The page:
Freeway fork geometry
To receive a navigation instruction for both branches of a fork, the following must be true:
- Both exiting segments must be the same type (Freeway, Major Highway, Minor Highway).
- Each exiting segment must have a name which is different from the name of the entering segment.
- The two exiting segments should have departure angles around 10 to 15 degrees from the entering segment.
With those conditions met, the junction will present "stay to the left" and "stay to the right" navigation instructions using the name of the appropriate exiting segment.
Freeway fork naming
The primary rule is that all 3 segments at the junction must have different names. That can be accomplished in one of two ways:
- Using road names alone - It is an easy situation if all three roads which connect have different names. If "Highway A" forks into "Highway B" and "Highway C", then that is all we need to have a properly functioning fork.
- Using signs and Wayfinder Segments - If one of the branches of the fork has the same name as the entering segment, we must create uniqueness at the junction. If "Highway X" forks off from "Highway Y" and "Highway X" continues as the other branch, the preferred approach is to use named Wayfinder Segments.
A wayfinder gives a user an instruction directing them how to continue on the road the user is already on, in situations where it may be unclear, and there would otherwise be no instruction.
For local guidance on wayfinders see:
A travel lane is a lane which is long enough that a naïve driver might consider it a long-distance lane. For our purposes we will clarify this as any lane which;
- before nearing the exit, is neither striped nor signed as a departing lane over a significant length (approximately ¾ a mile, or its full length, whichever is shorter), and
- has not just started within a mile before the exit.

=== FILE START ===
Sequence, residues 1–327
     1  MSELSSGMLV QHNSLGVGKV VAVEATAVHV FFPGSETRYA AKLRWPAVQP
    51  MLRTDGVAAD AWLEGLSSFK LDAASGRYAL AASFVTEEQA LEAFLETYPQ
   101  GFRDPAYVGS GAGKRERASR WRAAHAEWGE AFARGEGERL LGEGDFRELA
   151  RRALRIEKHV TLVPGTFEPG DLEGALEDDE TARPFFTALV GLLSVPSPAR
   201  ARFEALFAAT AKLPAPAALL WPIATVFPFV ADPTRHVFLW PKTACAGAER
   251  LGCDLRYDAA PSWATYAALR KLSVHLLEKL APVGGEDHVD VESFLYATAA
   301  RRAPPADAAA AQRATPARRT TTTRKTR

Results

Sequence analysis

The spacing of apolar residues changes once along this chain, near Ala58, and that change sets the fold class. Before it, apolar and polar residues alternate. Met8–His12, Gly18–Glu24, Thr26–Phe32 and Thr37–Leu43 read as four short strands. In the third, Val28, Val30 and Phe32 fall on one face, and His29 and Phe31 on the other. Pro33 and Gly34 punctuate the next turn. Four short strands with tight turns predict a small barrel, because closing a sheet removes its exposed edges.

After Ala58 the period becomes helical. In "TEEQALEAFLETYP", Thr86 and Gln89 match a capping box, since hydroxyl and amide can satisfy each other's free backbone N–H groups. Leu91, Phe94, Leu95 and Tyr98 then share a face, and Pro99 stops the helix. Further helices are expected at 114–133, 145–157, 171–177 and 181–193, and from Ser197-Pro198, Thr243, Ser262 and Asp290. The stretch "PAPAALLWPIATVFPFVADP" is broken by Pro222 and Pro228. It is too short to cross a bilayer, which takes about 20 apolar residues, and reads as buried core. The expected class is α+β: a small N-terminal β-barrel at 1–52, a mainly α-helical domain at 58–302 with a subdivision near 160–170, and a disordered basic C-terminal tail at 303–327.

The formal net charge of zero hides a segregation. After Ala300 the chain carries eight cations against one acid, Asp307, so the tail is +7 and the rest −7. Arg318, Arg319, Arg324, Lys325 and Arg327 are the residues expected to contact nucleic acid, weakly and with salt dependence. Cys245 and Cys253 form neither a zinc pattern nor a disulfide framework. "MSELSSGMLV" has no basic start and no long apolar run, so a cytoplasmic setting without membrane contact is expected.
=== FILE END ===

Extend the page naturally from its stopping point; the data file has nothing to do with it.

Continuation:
The typical side for an exit depends on the traffic side for that country. In a country with Right-hand traffic i.e. the USA, the typical side for an exit is the right side.
The atypical side for an exit is the opposite of the typical side described above.
A continuation path or continuation is the group of lanes after the fork which continue to be the same road as it was before the fork. (In the following example, the lanes which continue to be I-47)
These configurations have been designed based on a very in-depth understanding of Waze's standard rules for generating instructions. Please don't deviate from these precise configurations.
- Each "stub" segment should be Segment length/Minimum long. This is long enough so it will not cause routing problems, but it is short enough to suppress display of the names (on Freeway stubs) and keep freeways looking contiguous (on Ramp stubs).
- The OUT segments should have a turn angle of 10°-20° off of the mid-line on opposite sides of each other, consistent with the geometry for freeway forks. This will allow for easy identification in WME, but still look seamless in the client app.
To configure the wayfinder,
- If the numbered/signed exit is on the right, the OUT segments should be type. This will give an "exit right" instruction for the exit and a "stay to the left" instruction for the continuation.
- If the numbered/signed exit is on the left, the OUT segments type should be the same as , in the following examples we will use the type. This will give "stay to the" instructions on both sides (if segments were used, Waze would give a confusing "exit right" instruction for the continuation).
Keep these basic principles in mind:
- The OUT segments must both be the same type (either , , , or , as explained below).
- Each OUT segment must have a name different than the IN segment.
- NOTE: An unnamed segment (no-name box checked) is considered to have a blank name, and not the inherited name for these purposes. Therefore either both OUTs must be no-name, or both must have their own unique name.
- OUT segments should be named with the information displayed on the roadway signs.
- However, if this would leave an OUT segment with the same name as the IN segment, the OUT segment should be left unnamed (i.e., check the "no name" box).
Ramp fork naming
If ramps are unnamed, the name of a subsequent ramp will propagate backwards. In the example above, if the two ramps exiting the junction are named, the ramp entering the junction can be left unnamed. Then any navigation instruction directing you onto the first ramp would use the name of the appropriate exiting ramp.
Example: The two ramps exiting the junction are named "DestinationLeft" and "DestinationRight". The ramp that enters the junction is unnamed. If you need to "Exit Right" onto the unnamed ramp. If you are headed to "DestinationLeft", navigation would tell you: